To get me up to speed on exactly how a Supercross race works I spoke with nine year veteran of the circuit, Weston Peick. Peick races for Joe Gibbs Racing, has 8 career top-five finishes (450XS) and many other career highlights. Our interview with Weston Peick provides a general overview of Supercross, his non-traditional path to the sport and what it takes to succeed.
What is Monster Jam? What changes have been made since last year? What’s his favorite part of the race? If you’re a Monster Jam novice this interview will answer all of those questions. If you’re a diehard fan of Jim Koehler then you want to hear the enthusiasm in his voice as he talks about one of the best family events you’ll attend all year.
Krusty the Clown is the first and last issue for Springfield’s favorite (and only) clown (not in prison). Simpsons Comics and their high quality offshoots are funny, have bright colors and will be entertaining for those 8 and up. In Krusty the Clown he finds that he’s alone. There is nobody in town and the only thing for him to talk to or make jokes about is Mr. Teeny, his monkey assistant.
This giveaway is for a Daddy’s Home 2 prize pack. The winner will be drawn on 3/6/18 at 11:59 PM ET and will receive a copy of Daddy’s Home 2 on Blu-Ray DVD, Daddy’s Home 2 t-shirt, Best Daddy Ever coffee mug, popcorn, hot chocolate and notebook.
To enter just leave a comment in the video.
When the car gets off the boat it’s sleep, their eyes are halfway shut and it lurks into the garage before falling asleep. The text in Twinkle Twinkle Little Car is simple enough for second graders to be able to read fluently. However, the text is also simple enough for kindergarteners to practice their sight words. The text has a pleasant, simple rhyming structure where each line has the ending sounds the same. In most cases those words are situations where 6 year olds can read them with assistance. For example our 6 YO can read ‘blow’ and ‘show’, but they’re still sight words and he’s not fluently reading them.
Sometimes those things happen in a way that upends Sofia’s applecart and it does just that when her dad lets her know the next chapter in his life.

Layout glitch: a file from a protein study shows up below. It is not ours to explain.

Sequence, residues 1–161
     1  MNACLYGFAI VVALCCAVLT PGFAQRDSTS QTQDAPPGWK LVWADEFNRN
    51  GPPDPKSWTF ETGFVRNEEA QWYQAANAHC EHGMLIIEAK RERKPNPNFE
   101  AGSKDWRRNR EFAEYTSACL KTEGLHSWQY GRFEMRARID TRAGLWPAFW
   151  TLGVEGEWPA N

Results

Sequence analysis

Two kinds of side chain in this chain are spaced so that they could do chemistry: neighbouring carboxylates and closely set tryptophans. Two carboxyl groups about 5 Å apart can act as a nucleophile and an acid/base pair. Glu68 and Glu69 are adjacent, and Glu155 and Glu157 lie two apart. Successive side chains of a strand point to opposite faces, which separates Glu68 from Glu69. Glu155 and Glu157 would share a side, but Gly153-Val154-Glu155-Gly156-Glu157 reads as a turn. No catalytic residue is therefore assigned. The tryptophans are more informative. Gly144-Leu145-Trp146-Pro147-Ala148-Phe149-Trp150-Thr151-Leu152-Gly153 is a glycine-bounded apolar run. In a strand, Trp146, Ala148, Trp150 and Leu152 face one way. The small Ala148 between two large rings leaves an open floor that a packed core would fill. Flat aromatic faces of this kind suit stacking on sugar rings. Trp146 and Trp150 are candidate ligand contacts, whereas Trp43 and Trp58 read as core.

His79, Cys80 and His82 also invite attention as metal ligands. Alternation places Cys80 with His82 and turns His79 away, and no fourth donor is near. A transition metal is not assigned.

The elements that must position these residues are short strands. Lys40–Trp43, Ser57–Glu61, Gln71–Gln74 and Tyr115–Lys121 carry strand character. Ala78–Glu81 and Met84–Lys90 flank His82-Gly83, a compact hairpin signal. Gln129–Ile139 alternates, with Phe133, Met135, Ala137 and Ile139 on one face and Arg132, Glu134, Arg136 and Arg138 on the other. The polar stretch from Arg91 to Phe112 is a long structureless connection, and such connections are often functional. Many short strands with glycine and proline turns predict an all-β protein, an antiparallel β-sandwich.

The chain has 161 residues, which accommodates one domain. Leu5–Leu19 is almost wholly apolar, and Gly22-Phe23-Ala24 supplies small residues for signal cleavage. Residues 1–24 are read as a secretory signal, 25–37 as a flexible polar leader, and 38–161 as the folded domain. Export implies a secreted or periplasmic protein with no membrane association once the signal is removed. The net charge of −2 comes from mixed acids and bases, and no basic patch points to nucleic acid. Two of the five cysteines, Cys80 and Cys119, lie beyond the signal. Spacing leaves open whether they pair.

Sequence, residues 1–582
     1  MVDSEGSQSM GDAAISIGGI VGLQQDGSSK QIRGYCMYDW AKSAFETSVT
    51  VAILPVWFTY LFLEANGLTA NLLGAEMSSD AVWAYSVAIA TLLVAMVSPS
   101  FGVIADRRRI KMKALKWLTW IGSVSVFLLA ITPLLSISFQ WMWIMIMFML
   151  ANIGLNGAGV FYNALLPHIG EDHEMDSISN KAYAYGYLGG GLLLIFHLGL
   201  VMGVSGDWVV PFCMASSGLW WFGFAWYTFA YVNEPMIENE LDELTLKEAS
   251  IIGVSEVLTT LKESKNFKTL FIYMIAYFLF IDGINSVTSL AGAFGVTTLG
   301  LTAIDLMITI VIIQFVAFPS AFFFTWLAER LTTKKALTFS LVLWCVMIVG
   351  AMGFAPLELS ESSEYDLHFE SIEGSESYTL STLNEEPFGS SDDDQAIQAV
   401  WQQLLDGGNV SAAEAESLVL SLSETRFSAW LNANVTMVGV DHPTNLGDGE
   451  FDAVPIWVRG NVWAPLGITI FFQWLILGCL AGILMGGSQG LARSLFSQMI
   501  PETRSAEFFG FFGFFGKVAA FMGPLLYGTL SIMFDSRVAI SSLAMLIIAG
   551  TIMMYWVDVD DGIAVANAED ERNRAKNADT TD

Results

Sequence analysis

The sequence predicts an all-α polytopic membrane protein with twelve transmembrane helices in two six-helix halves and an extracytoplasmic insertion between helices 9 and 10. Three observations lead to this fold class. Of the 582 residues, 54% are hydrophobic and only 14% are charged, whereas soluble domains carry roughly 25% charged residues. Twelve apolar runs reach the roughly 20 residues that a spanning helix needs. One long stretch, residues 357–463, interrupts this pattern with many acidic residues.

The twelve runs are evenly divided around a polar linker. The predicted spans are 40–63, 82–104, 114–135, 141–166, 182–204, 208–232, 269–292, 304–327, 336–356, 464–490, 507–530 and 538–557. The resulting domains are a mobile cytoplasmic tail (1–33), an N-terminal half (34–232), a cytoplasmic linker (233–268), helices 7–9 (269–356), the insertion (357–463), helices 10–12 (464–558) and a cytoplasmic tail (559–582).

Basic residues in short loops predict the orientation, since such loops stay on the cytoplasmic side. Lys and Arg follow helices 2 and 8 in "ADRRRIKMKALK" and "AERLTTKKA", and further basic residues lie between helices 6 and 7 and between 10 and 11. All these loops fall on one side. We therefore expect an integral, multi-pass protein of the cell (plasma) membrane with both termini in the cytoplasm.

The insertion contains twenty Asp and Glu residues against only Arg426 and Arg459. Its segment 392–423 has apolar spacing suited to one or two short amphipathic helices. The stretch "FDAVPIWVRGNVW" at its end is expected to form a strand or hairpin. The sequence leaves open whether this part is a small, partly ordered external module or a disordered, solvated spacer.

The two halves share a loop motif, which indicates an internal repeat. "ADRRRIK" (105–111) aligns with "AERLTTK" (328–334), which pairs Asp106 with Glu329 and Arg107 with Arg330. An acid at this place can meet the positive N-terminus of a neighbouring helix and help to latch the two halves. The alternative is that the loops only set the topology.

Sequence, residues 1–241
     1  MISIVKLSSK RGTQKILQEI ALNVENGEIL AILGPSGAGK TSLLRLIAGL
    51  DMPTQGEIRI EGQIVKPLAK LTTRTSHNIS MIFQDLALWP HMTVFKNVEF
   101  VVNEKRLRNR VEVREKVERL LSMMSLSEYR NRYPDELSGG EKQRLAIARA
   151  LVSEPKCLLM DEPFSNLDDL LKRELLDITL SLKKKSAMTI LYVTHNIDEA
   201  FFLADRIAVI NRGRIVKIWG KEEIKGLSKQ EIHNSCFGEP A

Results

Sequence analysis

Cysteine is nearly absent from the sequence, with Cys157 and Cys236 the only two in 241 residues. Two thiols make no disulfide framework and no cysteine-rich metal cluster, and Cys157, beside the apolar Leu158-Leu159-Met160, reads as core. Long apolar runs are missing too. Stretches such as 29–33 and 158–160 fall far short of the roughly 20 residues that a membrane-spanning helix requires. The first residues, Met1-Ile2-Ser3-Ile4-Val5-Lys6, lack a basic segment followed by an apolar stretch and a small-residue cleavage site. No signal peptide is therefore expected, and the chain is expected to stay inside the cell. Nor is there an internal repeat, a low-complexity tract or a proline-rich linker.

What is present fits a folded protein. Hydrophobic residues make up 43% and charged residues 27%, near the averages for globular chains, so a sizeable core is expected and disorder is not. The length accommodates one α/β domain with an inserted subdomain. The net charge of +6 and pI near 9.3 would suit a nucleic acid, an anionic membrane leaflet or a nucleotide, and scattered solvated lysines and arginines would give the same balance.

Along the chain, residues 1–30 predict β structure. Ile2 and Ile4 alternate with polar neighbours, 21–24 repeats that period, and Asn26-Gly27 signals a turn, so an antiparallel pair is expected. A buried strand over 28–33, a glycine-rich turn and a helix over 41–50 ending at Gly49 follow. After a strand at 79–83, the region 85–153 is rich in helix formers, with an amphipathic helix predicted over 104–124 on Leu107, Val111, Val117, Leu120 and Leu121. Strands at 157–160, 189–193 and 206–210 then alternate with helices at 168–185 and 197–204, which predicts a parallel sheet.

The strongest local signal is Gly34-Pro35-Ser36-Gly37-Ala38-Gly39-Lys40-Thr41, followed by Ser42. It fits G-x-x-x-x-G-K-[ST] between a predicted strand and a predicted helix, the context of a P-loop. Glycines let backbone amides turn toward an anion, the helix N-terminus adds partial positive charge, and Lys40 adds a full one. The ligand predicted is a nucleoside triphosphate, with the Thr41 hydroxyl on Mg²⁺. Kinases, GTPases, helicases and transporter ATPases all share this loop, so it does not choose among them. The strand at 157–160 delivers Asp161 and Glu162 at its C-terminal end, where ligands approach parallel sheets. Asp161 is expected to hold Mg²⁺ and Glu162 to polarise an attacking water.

Middle school girls will love Speed of Life. Its content is relatable to students, even those that haven’t suffered through personal loss. It’s the changes that happen around Sofia that make it something that kids will understand and want to see to fruition. When the next chapter of Sofia’s life starts in earnest she discovers a cute boy and the two start a relationship.
Issue #7 is out this week in this very consistent comic book series that manages to bring the Force, as well as a variety of Star Wars characters to a young audience. In theory any age will enjoy Star Wars Adventures. However, ages 12 and younger will enjoy it the most and that’s only because ages older than that will skew up to Marvel Comics story lines. The art in Star Wars Adventures is parallel to Star Wars: Rebels, but there is enough action to maintain older audiences, humor for the younger ones and accessible art for all ages to appreciate.
Monster Jam really is incredibly family friendly. Hint: go early so that you can walk the field area. Everyone will be fascinated by the size, scope and detail that go into these vehicles. Kids can sit inside the wheels of the monster trucks, touch the wheels and more. Some of the drivers will also be down there to sign autographs, take photos and meet the fans.
For us the book tracks near The Book Scavenger, a series that has character of a similar, playful nature that also made it very fun to read.
The content in The Ambrose Deception will be OK for middle elementary school students, but some of the vocabulary will be too difficult for that age. Upper elementary students, if they are great readers, will be able to fully enjoy the book without tagging up for help from an older sibling or parent. The Ambrose Deception is by Emily Ecton and on the surface doesn’t leave much room for a sequel. However, the affable qualities of the characters in the book should make parents want to seek out more of Ecton’s work.
Neither of our kids have seen Back to the Future. Both of them would be OK with the content, it’s just a matter of too many great 80’s films and not enough time. If they had-and could read at a higher level they would really want to read Back to the Future from IDW Publishing. The monthly series is great and blends science-fiction, action and humor in as well as the classic film. They’ll sometimes have nice mini-series that concentrate on certain characters and Time Train is one of them. Doc Brown has made a time train for his wife Clara and they’re visiting the 1939 World’s Fair. Not surprisingly, some other folks are aware of their presence and are up to no good. This has realistic art and a great story for those middle school readers who like time travel or have seen Back to the Future.
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